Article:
Senate Majority Leader Mitch McConnell said Tuesday he would not be watching former Special Counsel Robert Mueller’s testimony Wednesday before two House committees, saying the American people have moved on.
“Well, the Americans have got a pretty full picture of it. I believe the Mueller report came out some time back. No, I won’t be watching,” McConnell said, when asked if he would be tuning in to Mueller’s testimony tomorrow.
“We have already heard from him, you know. It seems to me, I don’t know how many times you want to see this movie again, but I think the American people have moved on past this.”
In late May, Mueller stood by his report into President Donald Trump’s campaign in his first public statement since it was released, saying his report would be his “testimony” if he was subpoenaed to speak before Congress.
Mueller will testify before Congress on July 24, House Judiciary Committee Chairman Jerry Nadler and House Intelligence Committee Chairman Adam Schiff announced. Mueller was originally supposed to testify in an open session on July 17 after being subpoenaed by the two committees, but the date was pushed back.
Nadler called on Mueller to testify in front of the group after earlier requests from Republican Georgia Rep. Doug Collins, the top Republican on the committee. Collins asked Nadler to “immediately” invite Mueller to testify before Congress.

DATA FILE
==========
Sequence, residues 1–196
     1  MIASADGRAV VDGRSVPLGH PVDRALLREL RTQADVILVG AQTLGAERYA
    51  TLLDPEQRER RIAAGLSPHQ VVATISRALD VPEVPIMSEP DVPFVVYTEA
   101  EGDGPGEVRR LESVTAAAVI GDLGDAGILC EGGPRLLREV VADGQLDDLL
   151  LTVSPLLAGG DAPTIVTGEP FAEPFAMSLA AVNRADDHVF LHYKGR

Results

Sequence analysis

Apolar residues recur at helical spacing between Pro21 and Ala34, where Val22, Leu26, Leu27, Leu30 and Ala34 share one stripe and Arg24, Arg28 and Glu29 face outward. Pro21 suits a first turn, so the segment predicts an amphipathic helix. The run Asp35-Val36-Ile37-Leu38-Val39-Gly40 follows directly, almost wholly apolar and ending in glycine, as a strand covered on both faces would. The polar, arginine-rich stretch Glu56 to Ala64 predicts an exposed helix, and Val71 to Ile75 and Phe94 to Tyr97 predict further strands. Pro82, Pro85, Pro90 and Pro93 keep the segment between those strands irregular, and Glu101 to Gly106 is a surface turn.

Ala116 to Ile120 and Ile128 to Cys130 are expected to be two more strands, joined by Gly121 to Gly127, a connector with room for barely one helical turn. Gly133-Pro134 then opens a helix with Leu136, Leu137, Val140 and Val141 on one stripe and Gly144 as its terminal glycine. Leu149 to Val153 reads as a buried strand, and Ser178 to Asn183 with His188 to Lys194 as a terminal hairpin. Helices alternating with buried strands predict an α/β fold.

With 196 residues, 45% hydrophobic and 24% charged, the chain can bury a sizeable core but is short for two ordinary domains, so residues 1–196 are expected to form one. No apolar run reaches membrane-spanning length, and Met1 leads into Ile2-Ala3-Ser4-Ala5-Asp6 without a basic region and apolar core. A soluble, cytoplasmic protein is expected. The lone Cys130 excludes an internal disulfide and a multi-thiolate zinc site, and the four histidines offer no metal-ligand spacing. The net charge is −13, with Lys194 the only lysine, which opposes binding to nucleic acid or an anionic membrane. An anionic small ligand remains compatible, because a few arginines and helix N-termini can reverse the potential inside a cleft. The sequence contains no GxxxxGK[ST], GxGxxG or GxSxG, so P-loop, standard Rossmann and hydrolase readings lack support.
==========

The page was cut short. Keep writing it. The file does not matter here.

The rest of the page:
Meanwhile, the House of Representatives voted Wednesday to hold Barr and Commerce Secretary Wilbur Ross in criminal contempt of Congress for withholding information about the administration’s attempt to add a citizenship question to the 2020 Census, alleging that Barr and Ross withheld documents that had been subpoenaed by the Oversight and Reform Committee as part of its probe into the origins of the citizenship question.
Since the U.S. Attorney’s office is run by Barr, it is unlikely any further legal action will be pursued. (RELATED: Here Is What You Need To Know About Democrats Subpoenas To Those Close To Trump)
“They have to be enforced. The easy thing is to write a subpoena and get the committee to issue it, it’s another thing entirely to have it enforced. Any fool could write a subpoena, and last time I checked the House doesn’t have an army to enforce itself, it’s will. But the subpoena process by the House, especially with respect to the Trump campaign, is basically a PR exercise,” William Canfield, a political lawyer, told the Daily Caller.
“It’s a way of the House Democrats showing their base that they’re tough on the Trump campaign without actually having to do anything. The enforcement mechanism would be the Department of Justice, and you know, last time I checked the Trump administration ran the Department of Justice. So it’s like, it’s strong and drying, sound and fury signifying nothing,” Canfield continued.
Democrats and cable news pundits have continued to say the Mueller report is a cover-up, even though the full, unredacted version has not been released publicly.